At the Turku University of Applied Sciences and the Turku University Hospital, there was a marked focus on the development of new learning material and methods. Cases from midwifery practice were created and made available on an e-learning platform in the form of texts, illustrations and videos. Access was provided to midwifery students and midwives working in the clinic, facilitating different types of blended or self-paced learning. Also, an ethics day was held to raise awareness of ethical issues in general and test new participatory learning methods (e.g., sociodrama; McLaughlin Dorcas et al. 2006; Lindqvist 2005). In the clinical setting, two different discussion groups were offered for practicing midwives or students during their clinical practice. In both groups, everyday issues were discussed to stimulate ethical discussions within the team and to promote an analysis of personal and professional values. Also, expert lectures were arranged for the clinical setting that additionally covered ethical theories in the decision making process.
At the East-Tallinn Central Hospital, a seminar for regular midwives was introduced that combined an introductory lecture, e-learning based cases for self-study and case discussions. The focus was on active listening and self-reflection. Tallinn Health Care College introduced new teaching modules throughout the midwifery curriculum. In a two day seminar, introductory lectures were combined with discussions of cases from the students’ clinical practice. The cases were also analyzed using the International Confederation of Midwives’ (ICM) code of ethics. The discussions covered topics like role dependent communication, miscommunication in the workplace and self-reflection. In a series of problem-based learning tutorials (PBL), several typical moral issues were covered such as overcoming prejudice, e.g., in the case of a client having a different cultural background, actively integrating the needs and preferences of the partner or other family members and refusing service and referring a patient in the case of the midwife having deep moral opposition. Also, an ethics day with expert lectures and poster presentations was introduced.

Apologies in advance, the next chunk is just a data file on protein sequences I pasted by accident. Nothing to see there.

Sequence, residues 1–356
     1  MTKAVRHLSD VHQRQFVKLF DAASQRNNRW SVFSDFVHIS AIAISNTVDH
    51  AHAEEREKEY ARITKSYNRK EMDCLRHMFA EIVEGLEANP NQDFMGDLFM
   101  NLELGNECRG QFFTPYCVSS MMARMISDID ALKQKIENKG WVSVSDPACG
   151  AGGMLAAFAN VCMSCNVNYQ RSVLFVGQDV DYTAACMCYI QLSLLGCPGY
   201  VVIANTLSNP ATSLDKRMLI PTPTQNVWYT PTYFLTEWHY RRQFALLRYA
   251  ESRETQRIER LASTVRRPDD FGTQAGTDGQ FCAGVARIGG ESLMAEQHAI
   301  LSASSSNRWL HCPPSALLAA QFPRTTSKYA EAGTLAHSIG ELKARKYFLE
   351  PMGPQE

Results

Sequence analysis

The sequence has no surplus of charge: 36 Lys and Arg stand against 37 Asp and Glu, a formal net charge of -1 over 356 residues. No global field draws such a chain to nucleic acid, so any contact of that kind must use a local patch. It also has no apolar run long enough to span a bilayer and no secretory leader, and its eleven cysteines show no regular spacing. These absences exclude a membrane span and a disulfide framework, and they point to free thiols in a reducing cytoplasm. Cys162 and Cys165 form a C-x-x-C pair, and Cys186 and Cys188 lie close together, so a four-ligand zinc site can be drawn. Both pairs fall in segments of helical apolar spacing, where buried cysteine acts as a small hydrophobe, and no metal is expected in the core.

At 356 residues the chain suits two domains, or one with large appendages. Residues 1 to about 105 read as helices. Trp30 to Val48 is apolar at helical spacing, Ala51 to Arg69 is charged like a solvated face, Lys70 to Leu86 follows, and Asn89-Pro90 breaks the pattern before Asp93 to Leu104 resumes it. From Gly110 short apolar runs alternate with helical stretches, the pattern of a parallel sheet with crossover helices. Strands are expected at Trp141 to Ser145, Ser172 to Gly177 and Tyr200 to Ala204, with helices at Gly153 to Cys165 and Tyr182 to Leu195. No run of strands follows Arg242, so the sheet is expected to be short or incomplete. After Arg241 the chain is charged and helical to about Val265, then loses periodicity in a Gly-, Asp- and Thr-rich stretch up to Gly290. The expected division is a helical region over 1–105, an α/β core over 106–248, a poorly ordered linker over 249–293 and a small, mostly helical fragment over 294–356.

At the Bern University of Applied Sciences, the teaching modules of the first and second year of the existing ethics curriculum for midwifery students were modified. In a first PBL module, students were confronted with a typical midwifery case that made them think and discuss their personal and professional values, which again were studied related to the ICM code of ethics. In another module before their first clinical assignment, students learnt about the gaps between theory and practice they could come across, the frustration or moral distress they might experience and possible coping strategies that could be applied (The 4 A’s; American Association of Critical-Care Nurses 2004). After their first clinical assignment, the students practiced their communication skills in a role play that required them to show moral courage and speak out from a hierarchically inferior position. In another seminar, they discussed their own clinical cases with the dilemma method for moral case deliberation (Molewijk et al. 2008).
After the interventions were piloted at the different sites, a questionnaire with quantitative and qualitative elements was used to evaluate the advantages and disadvantages of the different interventions. Because we were primarily interested in the continuity of an effect and the transfer to clinical practice (Gollwitzer and Jäger 2009), the evaluation took place several months after each intervention. For example, the participants were asked if they encountered a specific situation in clinical practice that reminded them specifically of the contents in the ethics course. An English questionnaire was drafted allowing all interventions to be rated on a 5-point Likert scale according to recollection of course content, practical usefulness and self-assessed ethical competence (Online Resource 1). A total of 17 questions relating to ethical competence were generated by using a conceptual framework measuring rule abidance, moral sensitivity, moral reasoning and moral motivation and character (De Schrijver and Maesschalck 2013). The questionnaire was then translated into Estonian, Finnish and German and implemented in Survey Monkey (http://www.surveymonkey.com). Additionally, informal feedback was collected from teachers and group leaders.
The response rate varied widely between the different subsamples. Overall, 113 midwifery students or midwives responded, but 13 records had to be discarded as being mostly incomplete, leaving a final sample of n = 100 (age M = 26.0, SD = 7.1). Because most intervention-specific subsamples were small (n < 10), the analysis was conducted only in an exploratory manner. To compare the ratings between different interventions, we conducted multiple t-tests for independent data and adjusted the p-values with Bonferroni correction. To assess any effects related to aspects of the self-assessed ethical competence subscales, we decided to examine the data on the item instead of the scale level in order to obtain more specific information about potential improvements and remaining difficulties the participants reported. Differences between items in each ethical competence subscale, irrespective of the intervention, were tested with t-tests for dependent data, again followed by Bonferroni correction. Effect sizes are reported with r-values. Correlations to report age-related effects are reported with Kendall’s tau, which is more appropriate with small data sets and many tied ranks (Field 2013). All p-values are reported for two-sided testing. In the following results section, we focus on quantitative and qualitative findings that are most informative for the development of our educational model for increasing ethical competence.